Gárate: I like how when you come across it in print… You have to stop for a moment. You have to take an extra beat to figure out what is being spelled out. I think I/we are attracted to things that are kind of off or unusual. Naming a band “diamonds” isn’t all that unusual, but displaying the letters in such a way messes with it a little bit. It gives the name I kind of bigness, an epic sort of feeling which feels appropriate for whatever reason. It almost looks cinematic to me. I feel like a lot of people are using the spaces now, and I kind of understand why. It looks beautiful. It feels modern and yet vague enough so as not to be too specific. Even though I know I’m not the first person to do it, when I started it didn’t feel cliche … oh well! I know these are all aesthetic reasons… If there’s any relation to the music or the brand of the band I would have to say – even though I’m not sure I like saying it – that there is a weight and a gravity to the music we make. Our music is big and expressive a lot of the time. I write about heavier things because that’s whats on my mind… the band brings the songs to life in an incredibly expressive way that has a wide range of dynamics. I don’t think the music ever really sounds disaffected or blasé. It’s not that I’m avoiding those feelings. That’s just not our natural state. So the way the name looks kind of epic feels natural.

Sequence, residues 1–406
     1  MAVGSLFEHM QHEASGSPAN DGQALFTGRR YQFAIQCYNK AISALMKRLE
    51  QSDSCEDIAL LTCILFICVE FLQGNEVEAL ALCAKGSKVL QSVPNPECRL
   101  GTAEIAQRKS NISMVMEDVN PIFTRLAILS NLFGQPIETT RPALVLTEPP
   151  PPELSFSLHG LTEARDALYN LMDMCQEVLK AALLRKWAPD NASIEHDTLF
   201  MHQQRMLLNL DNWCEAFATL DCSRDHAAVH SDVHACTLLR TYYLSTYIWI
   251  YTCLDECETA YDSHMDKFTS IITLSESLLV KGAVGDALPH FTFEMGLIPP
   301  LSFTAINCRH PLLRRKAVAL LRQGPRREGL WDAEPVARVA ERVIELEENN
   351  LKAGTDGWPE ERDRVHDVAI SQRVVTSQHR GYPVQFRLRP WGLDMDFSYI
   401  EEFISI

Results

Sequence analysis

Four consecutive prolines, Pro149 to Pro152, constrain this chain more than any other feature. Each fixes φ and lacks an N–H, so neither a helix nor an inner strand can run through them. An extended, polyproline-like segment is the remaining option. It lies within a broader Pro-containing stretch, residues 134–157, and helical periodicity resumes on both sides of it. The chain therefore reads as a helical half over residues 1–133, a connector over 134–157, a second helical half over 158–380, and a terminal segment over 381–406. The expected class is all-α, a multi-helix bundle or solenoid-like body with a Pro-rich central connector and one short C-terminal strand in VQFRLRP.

There is a weight and a gravity to the music we make.
There's a deep, internal need in your voice - one of yearning, of emphatic emotion. Thinking back to your recording session, what drove you forward when making this song? What was your light?
Gárate: I think what you’re referring to drives much of my performing. A lot of what sparks the writing is anger, or fear, or anxiety. This song is at its core about something beautiful, but to simply listen to someone describe something beautiful isn’t interesting. What drove me to write these words is the anxiety and paranoia inspired by the subject matter. That’s what feels interesting. That’s what feels real. I like that aesthetic contrast, too. Life is complicated and violent after all. I think this performance style is just an extension of who I am and a result of just living in this world and seeing things the way I see them. The music is also an inspiration. I’m connected to the music. The guys play it beautifully and passionately. It complements and reinforces the images that come to mind when I’m singing and, conversely, the music sounds even better to me when I lay my own meaning on top of it. It’s cyclical in a weird, expressive way.
cover photo: D I A M O N D S © 2016